In the post-COVID world, more and more students are choosing to explore programs which feature 100% online instruction. While the virus certainly served to speed up the shift to online degree programs, the reality is that this momentum has been building for years. Below you will learn about some of the many reasons to consider doing an online degree in sports analytics.
- Cost. This is an important consideration. The cost of traditional university level education has far outpaced the rate of inflation. This means that money spent on traditional schooling has increased faster than the value of that same dollar. Many universities follow the “Gucci” mentality, where they raise their tuition and fees to associate themselves in the consumers’ mind as an elite brand. However, a higher price tag does not always mean a higher quality education. Many online programs have comparable quality to expensive 4 year colleges and universities, yet the cost is significantly lower. Many universities are seeing the trend of online learning gaining traction and are establishing their own programs.
- Content. Much of the content presented in a course about Sports Analytics relies on open source software (i.e. free) and programming languages that are accessible to anyone with an internet connection. To be fair, learning a lot of these concepts on your own is possible, but is generally more time consuming (and probably frustrating). Getting the content you need explained in a way that you can understand is an important process in learning anything, including sports analytics.
- Flexibility. Depending on the program, lectures can sometimes be viewed at any time and homework, classwork, and tests are submitted online. This allows you to work on the project anytime from anywhere. It is feasible and common practice to do an online program while working a fulltime job.
- Barriers to Entry. Generally speaking, online programs will be less selective than brick and mortar institutions, however, that does not mean that there is necessarily a difference in quality or content of the curriculum or instruction. Just because a school is more selective and expensive, that does not mean it is better quality! Online education has fewer barriers to entry in that the price is a fraction of a standard university, and its prerequisites would be something along the lines of a High School diploma or GED.
Landing the First Job
With a relevant degree in hand, the next logical step for many would be to get hired. What is the best way forward?
- Leverage Your Network! This is a competitive industry with a lot of people willing to work for low wages or even for free to get their foot in the door. If you are in the financial position to do the same, it could very well pay off in the long run. There are conferences around the country related to sports analysis. Perhaps the most famous is the MIT Sloan Sports Analytics Conference. This is an excellent opportunity to meet like-minded people and grow your professional network. Many times conferences post their featured speakers, sponsors, and in some cases attendees. It is wise to comb through this list and make it a point to try and speak with people from organizations which you are interested in working with. While this is not the best time to hand out your resume, it could be a very good time to make a first introduction, grab their contact information and follow up at a later point in time. If you are comfortable you can offer to provide your services for free if they have any projects they need help with.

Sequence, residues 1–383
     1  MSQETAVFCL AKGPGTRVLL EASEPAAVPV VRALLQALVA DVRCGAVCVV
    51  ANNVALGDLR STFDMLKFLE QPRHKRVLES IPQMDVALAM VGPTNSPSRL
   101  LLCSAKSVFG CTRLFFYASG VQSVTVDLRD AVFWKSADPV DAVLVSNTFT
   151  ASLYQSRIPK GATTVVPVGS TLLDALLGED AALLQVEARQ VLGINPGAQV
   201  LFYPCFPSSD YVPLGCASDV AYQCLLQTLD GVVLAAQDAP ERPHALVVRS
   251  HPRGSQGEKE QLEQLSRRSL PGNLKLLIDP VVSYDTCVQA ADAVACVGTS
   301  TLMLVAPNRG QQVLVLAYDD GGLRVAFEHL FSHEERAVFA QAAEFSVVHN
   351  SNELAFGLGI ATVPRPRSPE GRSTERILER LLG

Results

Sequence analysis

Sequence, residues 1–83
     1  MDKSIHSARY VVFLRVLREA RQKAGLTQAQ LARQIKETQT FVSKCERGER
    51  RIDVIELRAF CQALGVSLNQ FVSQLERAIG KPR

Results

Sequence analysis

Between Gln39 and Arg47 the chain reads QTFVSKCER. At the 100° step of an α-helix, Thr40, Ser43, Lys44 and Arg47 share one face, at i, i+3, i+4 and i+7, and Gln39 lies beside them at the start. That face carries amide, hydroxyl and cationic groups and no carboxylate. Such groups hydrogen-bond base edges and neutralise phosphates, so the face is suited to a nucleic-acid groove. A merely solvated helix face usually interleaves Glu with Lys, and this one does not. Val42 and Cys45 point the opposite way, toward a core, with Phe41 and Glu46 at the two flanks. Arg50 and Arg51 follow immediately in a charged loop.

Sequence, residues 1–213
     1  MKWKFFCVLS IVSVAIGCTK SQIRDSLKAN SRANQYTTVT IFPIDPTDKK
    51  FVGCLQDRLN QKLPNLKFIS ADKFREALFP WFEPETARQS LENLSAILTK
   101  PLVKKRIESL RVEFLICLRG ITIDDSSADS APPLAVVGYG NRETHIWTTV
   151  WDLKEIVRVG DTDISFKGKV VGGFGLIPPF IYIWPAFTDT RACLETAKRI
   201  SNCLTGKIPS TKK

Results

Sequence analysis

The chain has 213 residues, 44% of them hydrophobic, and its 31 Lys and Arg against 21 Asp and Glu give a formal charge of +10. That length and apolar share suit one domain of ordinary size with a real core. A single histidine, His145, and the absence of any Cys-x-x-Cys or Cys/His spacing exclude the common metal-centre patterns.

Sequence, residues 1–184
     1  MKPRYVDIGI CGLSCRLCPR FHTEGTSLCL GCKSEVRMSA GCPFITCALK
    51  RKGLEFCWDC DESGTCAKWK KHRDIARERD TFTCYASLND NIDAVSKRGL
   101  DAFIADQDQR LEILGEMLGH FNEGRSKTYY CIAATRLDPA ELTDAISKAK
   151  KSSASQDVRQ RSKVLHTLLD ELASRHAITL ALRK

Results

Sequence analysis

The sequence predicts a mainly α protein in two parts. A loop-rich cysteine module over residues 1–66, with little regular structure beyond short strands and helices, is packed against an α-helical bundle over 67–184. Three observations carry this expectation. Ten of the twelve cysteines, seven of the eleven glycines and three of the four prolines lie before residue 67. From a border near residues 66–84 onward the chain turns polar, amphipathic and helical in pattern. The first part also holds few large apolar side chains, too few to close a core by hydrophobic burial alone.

- Create a portfolio. There is an incredible amount of publicly available data that you can use to start your first project. This will help to get you familiar with different software and tools that you would need to use on the job, and it can be very helpful to have a goal to work towards, and then figure things out as you go. While this may lead to a feeling of spinning your wheels and not making progress as fast as you would like, just remember that every day working on the project is time well spent. A project that is in the works is a great talking point as you are meeting analysts in the industry. A completed project is an even better talking point.
- Share your knowledge and projects with the world. Social Media has become increasingly important for job seekers. It can be a double edged sword depending on what you are posting, but consistently sharing articles that are interesting, and sharing your own projects and reports will help you get noticed and gain credibility in the field. If you have a project you are proud of, reach out to media publications, sports blogs, sports radio shows, professional teams, and see if they are interested in your analysis. The worst thing that could happen is they said no, and the best thing that could happen is you could get paid for your work, gain exposure, and maybe even land a job.
- Further Schooling. If you have gone through the motions of learning some of the tools of the trade and could use more professional instruction, then think about the return on investment of time and money. Ultimately it is up to the applicant how they will build up their resume with the education, portfolio, and experience. However, a certification or degree in data science or statistics can go a long way in providing you with a solid foundation for your career as well as keeping the momentum going of building your projects and portfolio.